CHICAGO STORES SELECT LAUNCHES CAREFULLY
Byline: Lisa Bertagnoli
CHICAGO — Retailers in the Midwest seem to handle fragrance marketing with Zen-like calm. Instead of aggressively promoting every new scent, they’re picking and choosing launches, focusing on older fragrances and relying on exclusivity to draw customers in.
The current launch scene is like “the flavor of the week club,” said Steffenie Yates, cosmetics and fragrance buyer for Halls in Kansas City, Mo. Not promoting each and every new fragrance is difficult, she said, because the customer has come to expect them. “It’s like gift-with-purchase,” she said. “We train the customer one way and now we want them to be different.”
Instead of aggressively touting new fragrances, Halls focuses on sales training and demonstrations of both new and existing fragrances, Yates said.
Personal appearances work especially well for Halls customers: An appearance by the creator of Zaharoff this spring helped Halls exceed launch plans for the fragrance by 50 percent, Yates said.
Floor space, demo tables and other perks are rewarded to vendors that support the stores with on-site visits and training seminars. “It’s not a coincidence that sales drop when we don’t see [vendors],” Yates said. “It’s human nature that salespeople will sell the lines of people who support them.”
Halls’ top women’s brands for May were Angel, Zaharoff, Lalique, Faberge, Tommy Girl, Chanel Classics, Allure, Annick Goutal and Tresor. Zaharoff and Faberge are Halls exclusives, while Lalique has limited distribution in the Kansas City market, Yates said.
Tommy Girl did well, thanks to a $20 canvas backpack offered with any $47 purchase. “Those came in and went out,” Yates said, adding that she wished her stores had received more of the backpacks.
Top men’s brands for May were Aramis, Tommy, Chrome, Lalique, Angel and Boucheron. Halls will launch Bulgari Black, Gucci Envy and Swiss Army for Father’s Day. Swiss Army, she said, should do well because it complements the store’s extensive line of Swiss Army watches and accessories.
Where Halls avoids fragrances of the week, Jacobson’s features them, said Irene Price, business manager for the Jackson, Mich.-based department store.
Each fragrance in the store gets its own week about every four months. During that time, visuals, sampling and custom basket-making help perk customer awareness, Price said. The featured fragrance’s sales “definitely surge” as a result, she said.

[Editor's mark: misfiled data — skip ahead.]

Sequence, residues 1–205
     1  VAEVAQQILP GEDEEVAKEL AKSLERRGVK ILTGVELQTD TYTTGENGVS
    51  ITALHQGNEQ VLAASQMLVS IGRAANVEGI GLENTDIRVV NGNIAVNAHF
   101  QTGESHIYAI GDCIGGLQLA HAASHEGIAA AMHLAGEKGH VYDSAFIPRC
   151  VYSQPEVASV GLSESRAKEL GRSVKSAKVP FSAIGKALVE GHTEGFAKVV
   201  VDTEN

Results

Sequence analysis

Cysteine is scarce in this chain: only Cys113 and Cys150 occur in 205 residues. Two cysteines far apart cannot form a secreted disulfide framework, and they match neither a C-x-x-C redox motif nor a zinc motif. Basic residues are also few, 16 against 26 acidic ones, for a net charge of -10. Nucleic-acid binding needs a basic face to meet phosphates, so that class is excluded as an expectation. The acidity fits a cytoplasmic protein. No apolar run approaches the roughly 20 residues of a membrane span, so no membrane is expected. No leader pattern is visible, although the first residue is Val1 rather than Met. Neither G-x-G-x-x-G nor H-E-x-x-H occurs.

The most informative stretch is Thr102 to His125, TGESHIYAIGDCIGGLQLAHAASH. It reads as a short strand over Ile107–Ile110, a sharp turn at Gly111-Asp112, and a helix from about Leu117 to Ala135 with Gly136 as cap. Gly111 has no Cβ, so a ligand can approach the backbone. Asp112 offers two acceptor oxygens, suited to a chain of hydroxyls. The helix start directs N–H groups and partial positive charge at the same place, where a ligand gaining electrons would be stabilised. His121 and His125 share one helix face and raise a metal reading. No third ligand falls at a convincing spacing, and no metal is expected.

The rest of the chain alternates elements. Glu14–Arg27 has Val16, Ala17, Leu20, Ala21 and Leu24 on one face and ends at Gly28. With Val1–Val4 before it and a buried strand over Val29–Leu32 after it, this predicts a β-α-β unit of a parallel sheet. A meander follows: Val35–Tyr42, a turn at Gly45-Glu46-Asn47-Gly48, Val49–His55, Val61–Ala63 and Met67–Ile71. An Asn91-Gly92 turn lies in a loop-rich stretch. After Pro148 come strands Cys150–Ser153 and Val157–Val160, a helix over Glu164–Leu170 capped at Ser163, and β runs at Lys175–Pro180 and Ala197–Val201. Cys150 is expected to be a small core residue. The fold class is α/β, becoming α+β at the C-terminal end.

The feature week is part of the chain’s new concentration on its fragrance business. Jacobson’s has remodeled and expanded cosmetics and fragrance departments in seven of its 13 Midwest locations and is spending more on advertising, too.
Direct-mail fragrance books and fragrance enclosures with monthly statements are also a big part of the plan. Some statements mailed in April, for instance, offered a corporate gift of a water can flower/candle holder with any $50 fragrance purchase; others featured a St. John offer of a black tote with a fragrance purchase. Both promotions did well, Price said.
The June active sportswear catalog from Jacobson’s will include an Allure stitch-in offering a gift set of cologne spray, lotion and soap in a reusable black-and-white box. And a booklet showcasing men’s fragrances will be enclosed in the May statement, in time for Father’s Day, Price said.
Jacobson’s top women’s fragrances for May included Angel, Allure, Chanel No. 5, Pleasures, Bulgari, Happy, Donna Karan, Tiffany, Oscar de la Renta, Escada and St. John. Angel was the top seller in five Midwest doors, Price said.
Fall launches will include Estee Lauder’s Dazzling, St. John’s White Camellias and Bulgari Black.
For men, May’s good sellers were Angel, now in only a few doors; Tommy; Hugo; Chanel pour Monsieur and Polo. Angel for Men will be launched in all stores this fall, as will Gucci Envy.
J.C. Penney’s customers in Chicago are keen on value, said Kathy Hebert, fragrance buyer for the Dallas-based chain. “Price is no object, but value is key,” she said. For that reason, promotions such as gwp do well at the stores, and therefore the stores never stage purchase-with-purchase promotions.
Hebert termed Mother’s Day “favorable,” although she didn’t have exact figures. White Diamonds, Chanel, Wings and Georgio Red were the top sellers; a Patti LaBelle fragrance sold in the color and treatment area also did well.
Michael Jordan is far and away the top seller among men’s fragrances, especially in the Chicago area, Hebert said. For Father’s Day, Penney’s plans the usual promotions, she said.
Penney’s is looking to launch several new brands through existing vendors in August, though Hebert wouldn’t give details. “Our customers like newness, so we’re looking for those types of things,” she said.
Barneys, for its part, sidesteps traditional launches and promotions and focuses instead on exclusivity and sampling, said Heidi Manheimer, division merchandise manager for cosmetics. “We treat fragrance as a basic business,” she said, explaining that the chain is constantly on the lookout for exclusive products. For instance, when the Henri Bendel store in Chicago closes, Barneys will pick up L’Artisan, now a Bendel’s exclusive.
Because Barneys shoppers are heavy samplers, the store also spends considerable time training sales associates, Manheimer said. “Our customers are looking for quality and they find it through sampling,” she said.